Posted by: Kara Luker | October 19, 2016

Anger’s worst enemy

Someone made me mad last week. Hopping mad. Poor John walked through the door just as I was discovering the offense and received the hurricane force of my reaction. It was so strong, even I was taken aback. Despite my attempts to forgive a whole lot of past wrongs, there was clearly lingering resentment which allowed for a quick leap to judgment and justification for saying a whole lot of bad things about this person that I will spare your wholesome selves from hearing.

The next day, when I hopped into the car, I turned on a CD series on marriage I had been listening to in fits and starts for several weeks. In one of those moments of divine timing, the first words out of the speaker’s mouth were about forgiving people who have done you wrong. It was mostly stuff I know and practice, and I probably wouldn’t have listened so intently had I not been in such a vulnerable place, but then..…. he told me to pray for and bless this woman who has caused me so much grief. [I am very familiar with Luke 6:28 where Jesus says to bless those who curse you and pray for those who mistreat you, but I felt excluded based on the perceived persecuted-because-of-your-faith specificity. Except it doesn’t say that. So apparently it applies to me in a daily you-hurt-me kind of way after all.]

In that moment, as I was driving down the 55, it made perfect sense. The stance on forgiveness I usually take isn’t bad – letting go of each offense and trusting God’s ability to work it all together for good. It’s an important start, but it is fairly passive. To invest my words and time and heart for the good of someone who has mistreated me; well, that is an active assault on this ugly thing that binds me.

According to the speaker’s example, after a while of blessing his persecutor, the bitterness broke and he had genuine compassion and love for that person, which sounded very appealing to me. So I jumped into this blessing thing, a little awkwardly but with enthusiasm. Every time one of those resentful thoughts popped into my head, I started blessing my offender’s life, health, relationships, finances – you name it.  It was utterly empowering and felt so good to my angry heart. And the thing that was taken from me that inspired such anger in the first place? It was replaced from a totally different source in a surprising way; almost as if God were affirming that he would take care of me as I trust in him.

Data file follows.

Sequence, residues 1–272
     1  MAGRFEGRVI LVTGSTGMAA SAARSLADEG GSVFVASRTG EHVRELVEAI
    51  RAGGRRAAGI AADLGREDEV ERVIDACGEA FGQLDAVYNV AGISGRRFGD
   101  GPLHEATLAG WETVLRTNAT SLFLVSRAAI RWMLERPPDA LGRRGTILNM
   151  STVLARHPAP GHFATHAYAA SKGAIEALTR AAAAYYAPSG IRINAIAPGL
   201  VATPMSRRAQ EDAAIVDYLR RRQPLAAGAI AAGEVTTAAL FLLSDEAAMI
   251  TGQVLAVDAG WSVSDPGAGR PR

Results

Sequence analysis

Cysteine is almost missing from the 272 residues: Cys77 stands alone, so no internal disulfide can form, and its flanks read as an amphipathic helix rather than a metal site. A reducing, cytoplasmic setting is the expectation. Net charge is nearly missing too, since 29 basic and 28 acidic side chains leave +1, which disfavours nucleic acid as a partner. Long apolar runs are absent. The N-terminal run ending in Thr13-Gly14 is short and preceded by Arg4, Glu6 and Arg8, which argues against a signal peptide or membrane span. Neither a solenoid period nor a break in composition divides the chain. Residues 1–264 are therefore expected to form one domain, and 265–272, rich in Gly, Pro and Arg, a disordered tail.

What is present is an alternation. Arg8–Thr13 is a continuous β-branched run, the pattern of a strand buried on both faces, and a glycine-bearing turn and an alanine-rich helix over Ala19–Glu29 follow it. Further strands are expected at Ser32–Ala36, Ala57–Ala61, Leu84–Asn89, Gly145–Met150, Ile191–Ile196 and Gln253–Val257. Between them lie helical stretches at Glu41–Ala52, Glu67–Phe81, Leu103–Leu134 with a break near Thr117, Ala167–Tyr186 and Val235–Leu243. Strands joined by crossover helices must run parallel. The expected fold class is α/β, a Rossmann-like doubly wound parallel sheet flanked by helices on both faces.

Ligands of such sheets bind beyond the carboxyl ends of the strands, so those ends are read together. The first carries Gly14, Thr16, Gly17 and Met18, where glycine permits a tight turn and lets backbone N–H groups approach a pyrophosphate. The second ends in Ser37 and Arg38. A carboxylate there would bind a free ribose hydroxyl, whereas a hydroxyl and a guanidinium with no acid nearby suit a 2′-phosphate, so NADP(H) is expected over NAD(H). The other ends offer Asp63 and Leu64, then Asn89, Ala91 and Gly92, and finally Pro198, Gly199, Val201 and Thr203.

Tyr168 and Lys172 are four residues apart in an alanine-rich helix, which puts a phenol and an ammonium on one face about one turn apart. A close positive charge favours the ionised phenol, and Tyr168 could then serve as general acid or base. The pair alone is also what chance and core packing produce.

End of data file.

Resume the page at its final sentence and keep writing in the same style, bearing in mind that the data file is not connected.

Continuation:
That in itself was life changing, but I was hit with another epiphany the following day as I made my bed. No one mistreats, curses or judges me more than I do. I no longer experience the depths of self hatred I used to (for which I am very grateful), but measuring myself with an unholy perfectionism continues to create a consistent awareness of and frustration over all the ways I fall short. I can easily get mad at various parts of myself – my body, my mind, my looks, my personality, my abilities – when they don’t function or look the way I think they should. It would not be a stretch to say there is bitterness in some areas, and a pretty perpetual fear of failing since the self-criticism can be so harsh.

It immediately became clear that while it is a good start to forgive myself for my failings and let God love me, I am to move into that active, empowering stance of blessing myself – all the parts of me in all their imperfections. Because God has made me worthy of kindness and his love has covered every shortcoming I will ever have. If he has deemed me acceptable because of the sacrifice of his Son, who am I to withhold love? So every time a critical thought or accusation pops into my head, I am countering it with a blessing. Not to disregard sin or pretend I’m perfect, but to extend the grace that was purchased for me so that I can come boldly before the throne without condemnation and see myself as I truly am – a beloved child of God.

It has been under a week since I have begun to practice this new exercise, but good Lord, I am already seeing transformation in the way I see those who have hurt me – both this woman and myself. I pray that I will be able to press on in the aggressive act of blessing until every tie to the old way of measuring, judging and woundedness has been severed. I hope that you will join me.


  1. I’m in (:-))

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